HKMA: Hong Kong inches toward launching wholesale CBDC
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The Hong Kong Monetary Authority (HKMA) has confirmed that the development of a central bank digital currency (CBDC) is high on its agenda. The central bank announced its position in the publication “e-HKD: Charting the Next Steps”, where it discussed the technical and political challenges of launching a CBDC.
According to the report, the HKMA held two rounds of market negotiations with key stakeholders to limit the technical issues and regulatory obstacles they faced. The report found that an overwhelming majority of the 75 participants expressed enthusiasm for the viability of a digital version of the Hong Kong dollar.
However, some concerns were raised with banking regulators, including protecting privacy and identifying new use cases for CBDC. The problems were discussed in the magazine, and HKMA promised to take them into account in the future.
“We are pleased with the positive feedback we received and agree with respondents on the need to take a deep dive into privacy protection and use cases,” said HKMA CEO Eddie Yue.
“As the Central Bank of Hong Kong, we will ensure that Hong Kong continues to play a leading role in the global financial world by preparing in the best possible way for the CBDC and providing the right soil for innovative ideas to grow.” he added.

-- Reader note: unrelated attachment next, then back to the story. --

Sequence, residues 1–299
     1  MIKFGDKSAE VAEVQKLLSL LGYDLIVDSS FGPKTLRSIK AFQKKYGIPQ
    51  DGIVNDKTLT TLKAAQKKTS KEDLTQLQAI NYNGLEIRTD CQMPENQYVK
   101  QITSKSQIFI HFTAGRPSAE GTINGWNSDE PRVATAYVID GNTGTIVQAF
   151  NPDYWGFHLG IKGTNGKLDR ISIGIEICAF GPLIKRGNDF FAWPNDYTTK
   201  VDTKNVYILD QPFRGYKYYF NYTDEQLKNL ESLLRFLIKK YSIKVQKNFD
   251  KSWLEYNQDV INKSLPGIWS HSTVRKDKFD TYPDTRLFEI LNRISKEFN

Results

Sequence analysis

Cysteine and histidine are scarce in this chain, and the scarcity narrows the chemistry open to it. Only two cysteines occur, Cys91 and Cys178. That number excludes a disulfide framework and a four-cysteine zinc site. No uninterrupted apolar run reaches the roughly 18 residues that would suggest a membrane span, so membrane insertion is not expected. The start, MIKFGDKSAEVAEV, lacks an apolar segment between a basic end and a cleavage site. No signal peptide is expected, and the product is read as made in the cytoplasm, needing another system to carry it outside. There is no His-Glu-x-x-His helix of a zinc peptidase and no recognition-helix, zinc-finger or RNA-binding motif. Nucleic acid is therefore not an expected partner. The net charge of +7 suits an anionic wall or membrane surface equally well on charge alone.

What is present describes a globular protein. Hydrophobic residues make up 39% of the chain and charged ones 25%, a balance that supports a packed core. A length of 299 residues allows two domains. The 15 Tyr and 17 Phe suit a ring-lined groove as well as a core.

To achieve its goal, the central bank says it will adopt a three-pronged approach to address all the concerns raised in the market consultation. The first rail covers the legal and technological foundations, precisely the challenges involved in creating both the wholesale and retail layers of a CBDC.
Issues such as application and design are dealt with on the second track, involving a series of test pilots, while the third track concerns the launch itself. The HKMA has yet to release a timetable, but experts believe that a full launch could take up to two years, given the changes the legislature needs to make to give the CBDC legal backing.
CBDCs are plagued by challenges
Central banks around the world are turning to CBDCs to quell the growth of digital assets in their jurisdictions, often citing capital flight as the main reason for their interest in them. Still, among other things, the challenges related to privacy protection, the high risk of cyber-attacks, legislative restrictions and the brokerage activities of banks have plagued the industry.
When Nigeria launched its CBDC in October 2021, e-Naira did not gain momentum as barely a million users created an account on the mobile app. Other countries have had varying degrees of success in CBDC development, and the digital yuan has been widely anticipated.
Despite transaction volumes of more than $10 billion, China’s central bank must contend with allegations that its CBDC is an “espionage tool” in the hands of the Chinese Communist Party.
See: BSV Global Blockchain Convention Presentation, CBDCs and BSV
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